This section of Kiyotaki river was in stark contrast to the filth of before. Crystal clear water and absolutely no sign of trash anywhere. Oh, and not a soul around either. The river snaked deeper and deeper into the valley, punctuated in sections by rows of cedar plantations. At one bend of the river, I caught my first glimpse of the mountainside temple complex of Jingo-ji, my first target temple of the day. Another bend later, and I quickly lost sight of the place, and continued along at my gingerly pace. All of a sudden, I heard a crashing sound in the woods on the other side of the river. I paused, ears perked. Another crashing sound. I walked another 5 meters to the east, keeping my eyes peeled for monkeys frolicking in the trees. That must be the logical source of the noise, I thought. Immediately behind me, on a steep bank just off the trail, came another crashing sound, but no animal in sight. 30 seconds later, directly on the path about 10 meters in front of me, came another sound, this time of broken ceramics. Alas, the riddle solved, as worshipers were throwing small clay disks into the valley below. I was directly in the line of fire! Future hikers may want to bring a helmet just in case.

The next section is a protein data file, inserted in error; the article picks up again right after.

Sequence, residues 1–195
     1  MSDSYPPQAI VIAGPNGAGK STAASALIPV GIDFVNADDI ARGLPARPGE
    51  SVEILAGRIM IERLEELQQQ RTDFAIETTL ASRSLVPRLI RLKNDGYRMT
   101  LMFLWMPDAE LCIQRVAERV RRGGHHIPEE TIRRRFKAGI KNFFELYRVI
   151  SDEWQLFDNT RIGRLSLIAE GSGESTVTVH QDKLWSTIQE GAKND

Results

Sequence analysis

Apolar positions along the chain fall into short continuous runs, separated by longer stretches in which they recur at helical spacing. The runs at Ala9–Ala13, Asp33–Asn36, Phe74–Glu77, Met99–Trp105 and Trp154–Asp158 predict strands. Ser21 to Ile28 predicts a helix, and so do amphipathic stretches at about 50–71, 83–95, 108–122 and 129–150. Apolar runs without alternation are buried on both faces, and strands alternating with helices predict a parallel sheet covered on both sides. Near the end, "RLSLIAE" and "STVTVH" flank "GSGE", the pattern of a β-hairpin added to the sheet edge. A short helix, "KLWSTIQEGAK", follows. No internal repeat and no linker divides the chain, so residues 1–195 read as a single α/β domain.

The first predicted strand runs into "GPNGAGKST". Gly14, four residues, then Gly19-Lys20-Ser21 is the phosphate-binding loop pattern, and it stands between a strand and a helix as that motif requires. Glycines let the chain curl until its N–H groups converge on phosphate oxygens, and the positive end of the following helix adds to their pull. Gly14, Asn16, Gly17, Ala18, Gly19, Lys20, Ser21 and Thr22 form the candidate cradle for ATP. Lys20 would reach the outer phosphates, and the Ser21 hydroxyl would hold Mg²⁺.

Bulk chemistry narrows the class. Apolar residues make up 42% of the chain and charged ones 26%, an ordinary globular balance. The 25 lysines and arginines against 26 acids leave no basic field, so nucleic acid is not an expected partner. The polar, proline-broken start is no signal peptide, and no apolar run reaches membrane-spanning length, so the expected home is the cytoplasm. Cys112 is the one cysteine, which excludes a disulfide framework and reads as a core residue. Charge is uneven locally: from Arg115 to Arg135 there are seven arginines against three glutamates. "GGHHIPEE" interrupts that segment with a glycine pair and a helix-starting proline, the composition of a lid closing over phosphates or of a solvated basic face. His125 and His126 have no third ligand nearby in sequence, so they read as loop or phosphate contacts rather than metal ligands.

In safety prone Japan, I was shocked to find no signs warning of hikers to “Beware of plates falling from the sky”. Perhaps I’ll make my own sign next time. Once out of the danger zone, I reached a paved road and the entrance to the temple that almost took my life. Plenty of stone steps to climb, but no problem for a seasoned hiker. Ladies in high heels, however, were another story. The temple itself was breathtakingly serene, with hardly a soul in sight despite the autumn foliage.

After looking around for a while, I retreated to one of the outdoor dining establishments lining the path, wolfing down noodles while checking the map times. I still had 2 more temples to explore before taking a bus back to the city, but plenty of extra time before the next bus. Next stop: Saimyo-ji.

Despite being an easy 15-minute stroll up the river on the paved road, I had the World Heritage temple completely to myself, a first in Japan. I sat in the main temple building, admiring the small but mesmerizing garden for around 20 minutes, listening to the sounds of silence. When in doubt, it’s always better to head to the smaller, lesser known places when given the chance.